NEW CASTLE —
The entire city’s focus was downtown Saturday afternoon and evening.
The 22nd annual Fireworks Festival once again did its very best to capture the city’s attention. After all, New Castle is the Fireworks Capital of America, and the capital did not disappoint.
Thousands of people packed the Columbus Inner Belt, marking the only time of year the street is packed with people instead of cars.
This year’s festival had several first-time attractions according to JoAnn McBride, Lawrence County Tourism Promotion Agency director and part of the festival’s event staff.
“We have a lot of new things this year, including a greatly expanded children’s area,” she said.
One of those new attractions was the children’s stage. David Newell — better known as Mr. McFeely, the deliveryman from Mr. Rogers’ Neighborhood — made a “speedy delivery,” which was a fan favorite. Children laughed and sang with Newell as he performed a puppet show for them.
The new children’s stage also featured magician Bob Mullens, the Lancerettes, and the Dairy Princess giant sundae.
Also new to the festival were costumed characters. Batman, The Riddler and Snow White walked the Inner Belt and posed for pictures with kids.
Along with the many children’s games, and attractions was an area where adults helped show interested kids the fundamentals of popular sports, like soccer, basketball and street hockey.
Video: Ashley Hautala’s sights and sounds from the big event.
The traditional Lego building contest was another event for children, which saw kids construct everything from houses to hotels. Winners received gift cards from local businesses.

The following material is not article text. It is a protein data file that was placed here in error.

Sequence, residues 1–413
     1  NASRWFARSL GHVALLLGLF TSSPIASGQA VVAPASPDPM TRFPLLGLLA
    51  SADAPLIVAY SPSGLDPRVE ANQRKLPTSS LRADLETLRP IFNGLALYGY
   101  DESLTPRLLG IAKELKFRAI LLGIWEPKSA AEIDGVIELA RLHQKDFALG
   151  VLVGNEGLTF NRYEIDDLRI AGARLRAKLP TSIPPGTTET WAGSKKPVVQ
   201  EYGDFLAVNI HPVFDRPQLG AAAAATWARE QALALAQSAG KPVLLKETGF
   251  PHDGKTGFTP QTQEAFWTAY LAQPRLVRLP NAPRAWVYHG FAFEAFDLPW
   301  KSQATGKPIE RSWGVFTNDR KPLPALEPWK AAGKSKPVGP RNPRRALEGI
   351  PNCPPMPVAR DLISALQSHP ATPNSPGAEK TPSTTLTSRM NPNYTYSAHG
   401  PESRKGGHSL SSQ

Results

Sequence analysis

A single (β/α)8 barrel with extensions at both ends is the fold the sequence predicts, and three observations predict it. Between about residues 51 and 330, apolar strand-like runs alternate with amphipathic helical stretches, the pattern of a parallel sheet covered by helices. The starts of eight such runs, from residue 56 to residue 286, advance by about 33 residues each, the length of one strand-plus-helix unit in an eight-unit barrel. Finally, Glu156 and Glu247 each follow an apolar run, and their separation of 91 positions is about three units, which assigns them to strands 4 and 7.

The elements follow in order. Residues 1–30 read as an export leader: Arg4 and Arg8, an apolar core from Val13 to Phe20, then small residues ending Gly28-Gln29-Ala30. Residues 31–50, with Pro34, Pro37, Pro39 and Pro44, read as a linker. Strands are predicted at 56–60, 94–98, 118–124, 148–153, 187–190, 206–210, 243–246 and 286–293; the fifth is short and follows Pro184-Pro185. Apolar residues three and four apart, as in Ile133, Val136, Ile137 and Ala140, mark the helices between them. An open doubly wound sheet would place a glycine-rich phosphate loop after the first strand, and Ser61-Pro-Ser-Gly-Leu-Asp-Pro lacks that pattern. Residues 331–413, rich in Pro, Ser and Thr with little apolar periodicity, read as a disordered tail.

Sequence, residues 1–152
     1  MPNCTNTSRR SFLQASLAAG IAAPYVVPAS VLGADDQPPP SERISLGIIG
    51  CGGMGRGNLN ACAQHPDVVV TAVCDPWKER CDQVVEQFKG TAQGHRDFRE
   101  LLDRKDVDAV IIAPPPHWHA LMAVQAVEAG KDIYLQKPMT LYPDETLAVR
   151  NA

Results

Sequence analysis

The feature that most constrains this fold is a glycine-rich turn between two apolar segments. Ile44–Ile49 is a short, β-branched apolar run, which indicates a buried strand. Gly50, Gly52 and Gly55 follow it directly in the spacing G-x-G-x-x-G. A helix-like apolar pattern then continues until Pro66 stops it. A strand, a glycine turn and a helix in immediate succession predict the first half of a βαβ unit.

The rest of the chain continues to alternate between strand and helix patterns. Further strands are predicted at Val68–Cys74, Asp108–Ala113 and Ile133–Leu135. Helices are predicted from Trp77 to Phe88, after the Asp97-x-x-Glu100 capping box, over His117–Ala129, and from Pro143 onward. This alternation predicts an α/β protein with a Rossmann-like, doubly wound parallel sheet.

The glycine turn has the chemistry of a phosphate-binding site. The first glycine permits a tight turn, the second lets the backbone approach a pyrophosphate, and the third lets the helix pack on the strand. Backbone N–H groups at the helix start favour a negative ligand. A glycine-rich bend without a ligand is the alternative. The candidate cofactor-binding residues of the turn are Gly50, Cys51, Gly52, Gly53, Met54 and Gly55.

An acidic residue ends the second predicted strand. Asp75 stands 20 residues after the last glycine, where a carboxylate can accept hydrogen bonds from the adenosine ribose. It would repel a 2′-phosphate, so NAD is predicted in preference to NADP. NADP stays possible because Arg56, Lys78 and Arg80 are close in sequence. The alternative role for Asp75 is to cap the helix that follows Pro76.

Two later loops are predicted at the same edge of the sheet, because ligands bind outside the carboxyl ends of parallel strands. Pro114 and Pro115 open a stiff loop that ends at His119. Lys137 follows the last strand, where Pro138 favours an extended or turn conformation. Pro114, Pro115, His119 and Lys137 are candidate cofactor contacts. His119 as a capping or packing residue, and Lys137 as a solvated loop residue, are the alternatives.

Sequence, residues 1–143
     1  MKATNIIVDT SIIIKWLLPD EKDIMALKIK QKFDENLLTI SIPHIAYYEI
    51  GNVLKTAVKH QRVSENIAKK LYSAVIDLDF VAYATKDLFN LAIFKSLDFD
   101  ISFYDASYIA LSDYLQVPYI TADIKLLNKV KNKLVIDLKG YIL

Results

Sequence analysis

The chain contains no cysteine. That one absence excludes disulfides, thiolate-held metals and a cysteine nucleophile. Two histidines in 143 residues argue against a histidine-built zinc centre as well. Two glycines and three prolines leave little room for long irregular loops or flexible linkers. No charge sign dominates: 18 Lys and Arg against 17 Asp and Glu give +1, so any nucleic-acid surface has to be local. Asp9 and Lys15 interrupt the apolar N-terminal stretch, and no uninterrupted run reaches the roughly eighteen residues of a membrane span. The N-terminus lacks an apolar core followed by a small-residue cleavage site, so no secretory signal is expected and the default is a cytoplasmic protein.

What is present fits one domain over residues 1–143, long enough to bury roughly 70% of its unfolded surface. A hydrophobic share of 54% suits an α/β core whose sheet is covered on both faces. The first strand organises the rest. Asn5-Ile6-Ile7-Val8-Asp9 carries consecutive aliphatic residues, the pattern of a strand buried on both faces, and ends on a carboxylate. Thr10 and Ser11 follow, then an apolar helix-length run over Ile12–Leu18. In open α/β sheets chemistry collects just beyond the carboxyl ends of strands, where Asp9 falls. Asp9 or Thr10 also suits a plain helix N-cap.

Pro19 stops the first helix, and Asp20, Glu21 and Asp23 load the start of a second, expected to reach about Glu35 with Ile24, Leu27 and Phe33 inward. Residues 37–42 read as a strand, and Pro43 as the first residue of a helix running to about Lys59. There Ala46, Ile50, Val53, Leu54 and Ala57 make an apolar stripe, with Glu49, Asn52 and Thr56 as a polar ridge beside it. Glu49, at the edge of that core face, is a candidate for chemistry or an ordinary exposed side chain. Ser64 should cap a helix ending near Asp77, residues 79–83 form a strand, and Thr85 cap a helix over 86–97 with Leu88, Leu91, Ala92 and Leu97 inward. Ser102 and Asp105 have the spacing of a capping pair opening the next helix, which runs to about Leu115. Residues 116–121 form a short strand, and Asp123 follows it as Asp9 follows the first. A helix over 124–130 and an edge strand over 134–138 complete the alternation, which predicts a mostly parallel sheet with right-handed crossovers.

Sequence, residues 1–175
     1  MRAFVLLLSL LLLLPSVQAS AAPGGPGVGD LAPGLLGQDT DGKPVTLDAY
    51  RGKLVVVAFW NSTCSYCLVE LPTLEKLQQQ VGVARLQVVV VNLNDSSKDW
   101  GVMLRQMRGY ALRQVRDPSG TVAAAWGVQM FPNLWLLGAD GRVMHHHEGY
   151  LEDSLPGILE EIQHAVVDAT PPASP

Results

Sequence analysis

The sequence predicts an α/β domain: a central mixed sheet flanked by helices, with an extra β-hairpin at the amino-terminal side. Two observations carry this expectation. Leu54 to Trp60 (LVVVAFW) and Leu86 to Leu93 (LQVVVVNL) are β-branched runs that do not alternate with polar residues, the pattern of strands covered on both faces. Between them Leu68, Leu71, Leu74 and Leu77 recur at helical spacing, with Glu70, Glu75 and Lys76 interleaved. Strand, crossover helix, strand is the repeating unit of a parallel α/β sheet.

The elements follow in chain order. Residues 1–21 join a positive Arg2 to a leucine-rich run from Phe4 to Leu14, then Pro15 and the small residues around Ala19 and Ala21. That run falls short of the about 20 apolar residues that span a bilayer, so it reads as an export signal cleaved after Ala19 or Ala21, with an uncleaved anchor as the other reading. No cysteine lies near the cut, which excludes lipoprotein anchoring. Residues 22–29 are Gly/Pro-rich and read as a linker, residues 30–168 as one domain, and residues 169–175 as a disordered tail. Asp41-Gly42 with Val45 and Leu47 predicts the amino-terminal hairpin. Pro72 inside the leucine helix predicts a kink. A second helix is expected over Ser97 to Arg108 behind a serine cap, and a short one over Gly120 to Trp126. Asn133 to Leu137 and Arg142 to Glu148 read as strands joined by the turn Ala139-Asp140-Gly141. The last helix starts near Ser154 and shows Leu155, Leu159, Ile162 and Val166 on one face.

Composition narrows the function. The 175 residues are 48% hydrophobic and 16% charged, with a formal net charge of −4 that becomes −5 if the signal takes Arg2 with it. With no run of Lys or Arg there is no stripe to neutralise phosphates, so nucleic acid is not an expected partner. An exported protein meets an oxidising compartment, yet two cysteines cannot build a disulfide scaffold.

The traditional food vendors, craft tables and rock-climbing wall also made their yearly appearances.
The main stage entertainment kicked off the final stretch for the festival with performances by the Red Mountain Boys, the New Castle Playhouse Mini Stars and the Rocket to the Stars competition.
The annual Ducky Derby also was held, albeit in untraditional fashion. Swollen water levels from bad weather earlier in the week made it impossible to drop the ducks into the Neshannock Creek. Organizer Fran Davidson said the water was high and swift, and that the conditions were too dangerous to hold the derby as usual.
Instead, the ducks were kept in the front end loader that was to have dumped them into the creek, and mixed continuously. They were then drawn out of the loader to determine the winners.
“It was the only thing we could do,” she said.
Davidson said this was only the second time in her 11 years with the derby that the ducks weren’t dropped in the water.
However the poor weather from earlier in the week did not put a damper on the festival’s final hurrah.
The night concluded with a fireworks finale by Pyrotechnico that captured the entire festival’s — maybe even the entire city’s — attention as the explosions lit up the night sky.
The bright-colored blasts are the trademark of the Fireworks Capital of America.